Lazy Reading for 2011/08/28

This week has taught me one thing for sure: Always make sure your backup generator is working.  And over-plan battery capacity.  That’s actually two things, but what the heck.  I’m tired, for reasons that can probably be inferred!  I’m not the only one suffering these problems, it seems.

  • There is a certain subset of readers here that will find this fascinating: a video of a game postmortem.  Specifically, Elite.  (via)  Needs Flash.
  • This is as good an article as any I’ve seen describing where the tablet computer market is going, at The Economist.
  • Remember RetroBSD, mentioned here previously?  Here’s some discussion of it.
  • EuroBSDCon’s 2011 conference is open for registration, but the early bird discount only lasts until the end of August, so jump on it soon if you’re thinking of going.  It’s the 10th anniversary of the event!
  • PHP 5.3 is coming to pkgsrc as default, soon?  The PHP 5.2 -> 5.3 transition seems to mess up a lot of code because of some changes in the way things are handled, or at least that’s my experience, so watch out.
  • Make sure you aren’t running mod_deflate on your Apache 2.x server.
  • Kristaps Dzonsons, the fellow behind mdocml (which is in DragonFly now and mentioned here before) is working on a mdoc manual.  It’s an actual book, with examples.  It’s titled “Practical UNIX Manuals: mdoc”, which sounds like part of a series, though I don’t know if there’s anything else.  I’d sure like it if there was.  (via Undeadly.)  Look very closely at the mdoc web page and you will see the markup, too.  Neat!
  • Breakout treated as a musical instrument, in 1983.  That’s too glib a summary of this explanation of an old book studying the game Breakout and playing it.  Really, read the article, and remember that the book described would just be lost in a sea of blog posts noise today.  (via)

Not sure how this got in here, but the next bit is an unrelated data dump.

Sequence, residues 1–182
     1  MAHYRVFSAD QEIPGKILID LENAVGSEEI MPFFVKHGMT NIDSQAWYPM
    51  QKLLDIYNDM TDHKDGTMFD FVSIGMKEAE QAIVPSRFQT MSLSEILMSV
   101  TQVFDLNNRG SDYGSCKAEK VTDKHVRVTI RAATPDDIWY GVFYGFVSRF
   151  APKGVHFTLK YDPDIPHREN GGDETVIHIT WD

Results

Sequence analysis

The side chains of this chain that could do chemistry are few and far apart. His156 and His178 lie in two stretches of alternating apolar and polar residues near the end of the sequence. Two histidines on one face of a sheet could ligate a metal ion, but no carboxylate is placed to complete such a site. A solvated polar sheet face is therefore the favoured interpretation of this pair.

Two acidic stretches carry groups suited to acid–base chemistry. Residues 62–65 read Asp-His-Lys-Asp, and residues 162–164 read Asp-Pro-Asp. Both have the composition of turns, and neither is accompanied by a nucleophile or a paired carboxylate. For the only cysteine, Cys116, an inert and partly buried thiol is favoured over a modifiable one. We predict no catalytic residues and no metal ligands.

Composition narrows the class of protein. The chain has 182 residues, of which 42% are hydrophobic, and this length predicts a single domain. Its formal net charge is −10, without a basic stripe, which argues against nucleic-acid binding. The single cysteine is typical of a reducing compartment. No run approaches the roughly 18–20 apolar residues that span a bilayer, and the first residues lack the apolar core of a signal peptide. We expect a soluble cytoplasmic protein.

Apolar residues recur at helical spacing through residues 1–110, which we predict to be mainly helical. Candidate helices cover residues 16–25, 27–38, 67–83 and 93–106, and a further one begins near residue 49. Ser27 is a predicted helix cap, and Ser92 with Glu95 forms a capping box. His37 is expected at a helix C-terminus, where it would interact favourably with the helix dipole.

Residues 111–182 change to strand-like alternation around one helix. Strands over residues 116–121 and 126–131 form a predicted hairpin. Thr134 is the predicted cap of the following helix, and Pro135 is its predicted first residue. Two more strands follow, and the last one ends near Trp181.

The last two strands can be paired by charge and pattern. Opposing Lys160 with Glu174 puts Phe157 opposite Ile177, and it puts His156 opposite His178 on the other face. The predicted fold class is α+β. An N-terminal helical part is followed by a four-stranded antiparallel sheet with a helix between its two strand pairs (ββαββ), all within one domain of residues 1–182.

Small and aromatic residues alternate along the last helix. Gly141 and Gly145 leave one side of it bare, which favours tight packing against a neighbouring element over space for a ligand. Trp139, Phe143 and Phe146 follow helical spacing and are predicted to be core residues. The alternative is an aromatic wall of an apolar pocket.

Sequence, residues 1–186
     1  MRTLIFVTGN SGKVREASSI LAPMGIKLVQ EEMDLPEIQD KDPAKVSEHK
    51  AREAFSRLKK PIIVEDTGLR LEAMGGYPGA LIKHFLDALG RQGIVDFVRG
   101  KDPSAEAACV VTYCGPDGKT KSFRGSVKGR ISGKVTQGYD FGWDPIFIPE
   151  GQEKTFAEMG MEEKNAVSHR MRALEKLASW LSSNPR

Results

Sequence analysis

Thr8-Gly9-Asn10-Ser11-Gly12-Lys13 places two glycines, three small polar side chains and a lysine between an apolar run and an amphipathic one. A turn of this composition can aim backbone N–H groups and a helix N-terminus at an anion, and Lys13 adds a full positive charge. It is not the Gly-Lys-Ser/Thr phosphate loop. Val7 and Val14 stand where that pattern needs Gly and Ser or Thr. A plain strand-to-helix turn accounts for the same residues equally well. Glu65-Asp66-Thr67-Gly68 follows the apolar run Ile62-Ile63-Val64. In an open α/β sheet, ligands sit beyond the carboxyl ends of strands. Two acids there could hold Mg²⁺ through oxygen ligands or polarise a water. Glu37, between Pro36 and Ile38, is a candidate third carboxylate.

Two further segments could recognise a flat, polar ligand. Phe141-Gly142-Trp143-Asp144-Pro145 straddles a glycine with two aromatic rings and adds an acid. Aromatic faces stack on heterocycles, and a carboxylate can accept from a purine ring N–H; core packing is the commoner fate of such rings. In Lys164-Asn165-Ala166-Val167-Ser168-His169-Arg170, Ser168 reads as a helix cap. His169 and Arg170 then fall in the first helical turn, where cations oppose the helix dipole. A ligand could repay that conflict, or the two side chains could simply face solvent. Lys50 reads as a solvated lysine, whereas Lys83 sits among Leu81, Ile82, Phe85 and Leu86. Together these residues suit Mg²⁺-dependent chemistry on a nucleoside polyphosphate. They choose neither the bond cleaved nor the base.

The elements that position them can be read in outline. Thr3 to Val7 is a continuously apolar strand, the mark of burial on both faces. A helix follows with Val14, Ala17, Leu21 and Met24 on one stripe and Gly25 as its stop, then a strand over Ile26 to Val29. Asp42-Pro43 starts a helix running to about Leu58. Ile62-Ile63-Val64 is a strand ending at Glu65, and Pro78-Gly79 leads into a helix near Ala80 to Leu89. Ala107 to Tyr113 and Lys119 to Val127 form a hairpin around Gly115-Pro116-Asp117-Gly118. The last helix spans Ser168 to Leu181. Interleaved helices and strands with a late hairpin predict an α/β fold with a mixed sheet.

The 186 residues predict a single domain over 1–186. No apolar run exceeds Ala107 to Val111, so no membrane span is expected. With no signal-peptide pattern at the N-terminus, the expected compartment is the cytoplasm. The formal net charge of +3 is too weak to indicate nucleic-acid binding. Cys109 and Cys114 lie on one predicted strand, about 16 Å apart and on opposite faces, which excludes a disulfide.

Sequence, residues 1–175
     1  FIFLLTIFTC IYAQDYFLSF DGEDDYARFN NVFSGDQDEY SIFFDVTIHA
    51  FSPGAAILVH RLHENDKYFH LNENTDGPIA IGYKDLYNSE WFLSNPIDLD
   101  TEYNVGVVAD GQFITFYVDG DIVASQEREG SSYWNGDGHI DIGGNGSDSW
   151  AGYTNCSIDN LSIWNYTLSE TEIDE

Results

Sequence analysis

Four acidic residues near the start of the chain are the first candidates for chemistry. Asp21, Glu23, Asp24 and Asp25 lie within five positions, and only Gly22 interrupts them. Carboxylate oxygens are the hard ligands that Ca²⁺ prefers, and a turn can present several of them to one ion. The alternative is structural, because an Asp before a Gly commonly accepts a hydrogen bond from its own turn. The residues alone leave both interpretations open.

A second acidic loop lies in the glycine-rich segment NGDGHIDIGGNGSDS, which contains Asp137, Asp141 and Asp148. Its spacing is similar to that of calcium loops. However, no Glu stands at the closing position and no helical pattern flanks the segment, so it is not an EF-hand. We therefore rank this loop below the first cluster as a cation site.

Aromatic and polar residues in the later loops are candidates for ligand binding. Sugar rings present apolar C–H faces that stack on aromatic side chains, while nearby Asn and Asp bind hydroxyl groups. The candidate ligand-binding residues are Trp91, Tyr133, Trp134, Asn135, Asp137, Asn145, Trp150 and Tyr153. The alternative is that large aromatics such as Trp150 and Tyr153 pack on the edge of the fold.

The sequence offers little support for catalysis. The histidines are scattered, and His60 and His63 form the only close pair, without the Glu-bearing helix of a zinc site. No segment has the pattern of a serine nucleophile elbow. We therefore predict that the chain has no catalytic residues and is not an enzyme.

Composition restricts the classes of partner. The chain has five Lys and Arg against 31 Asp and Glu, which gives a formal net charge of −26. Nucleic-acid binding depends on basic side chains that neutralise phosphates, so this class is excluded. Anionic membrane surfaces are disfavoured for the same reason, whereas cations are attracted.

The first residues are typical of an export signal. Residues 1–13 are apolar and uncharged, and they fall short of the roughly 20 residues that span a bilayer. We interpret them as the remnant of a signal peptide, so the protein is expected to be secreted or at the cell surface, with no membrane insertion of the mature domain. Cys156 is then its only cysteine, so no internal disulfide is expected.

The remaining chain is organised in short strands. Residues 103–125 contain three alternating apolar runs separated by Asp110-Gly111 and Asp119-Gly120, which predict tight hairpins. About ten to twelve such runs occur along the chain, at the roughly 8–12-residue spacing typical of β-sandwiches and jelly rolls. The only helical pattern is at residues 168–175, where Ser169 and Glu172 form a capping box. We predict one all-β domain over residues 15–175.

Your unrelated comic link of the week: Wonderella.  This is the comic that ruined Batman for me.  I can’t unthink it.

 

Lazy reading for 2011/06/12

A nice big pile of links this week.  Some of these may have cropped other places by now, but oh well.

BSDCan 2011 announced

Dan Langille has announced the BSDCan 2011 schedule/list of events in several places.  There’s some fun stuff in there, like discussion of Sendmail from the guy who (originally) wrote it.  There’s a talk about Roff (it’s that old?)from Kristaps Dzonsons, whose mdocml also happens to just have been committed by Sascha Wilder to DragonFly’s contrib.

NYCBSDCon 2010 was crazy fun.  I hope I can make it to BSDCan…

BSD Needs Books, the video

Michael Lucas’s “BSD Needs Books” talk from NYCBSDCon 2010 is online, in video form.  I got to see this as it happened, and it was a excellent talk.  Mr. Lucas is able to put some reasonable arguments together as to the why of things, since he’s been published multiple times, plus his sense of humor keeps it moving.

Hey, wait – there’s more from the conference on BSD TV!  How did I miss this?  Hopefully even more will show up; the facility was perfect for recording.

Lazy Reading: code repos, events, open source stuff

Stuff!

  • I find this erasure of the separation between remote code repository and local code editor very interesting.   It may upset more traditional people.
  • If you haven’t been watching the BSD Events Twitter stream, Dru Lavigne’s written a nice summary of the next few months, including BSD Exam dates/locations.
  • The XFCE 4.8 release announcement hinted at some problems with BSD.  It’s apparently because udev, a Linux-only product, is the only consistent way to access various items, so XFCE’s power and volume controls use it.  There’s no udev on BSD, so we get left out.  I’d normally end this with a call for a compatibility layer, but udev is the latest in a series of jumps from framework to framework in Linux, so I don’t know if it would actually do any good.  (Thanks, sjg on #dragonflybsd for the link)
  • The Economist has an article on open-source that does a hype-free job of describing the state of open source today.  It points out two trends that I don’t think are covered enough: the large amount of open-source work funded by companies, and the hidden costs of training and integration.  One downside of the “software is free, training costs money” model for open source is that it creates an economic incentive for byzantine configurations and difficult setups.  That idea could use some exploration, but I don’t think many people want to, precisely because it’s negative.  The article doesn’t go that far, but they should.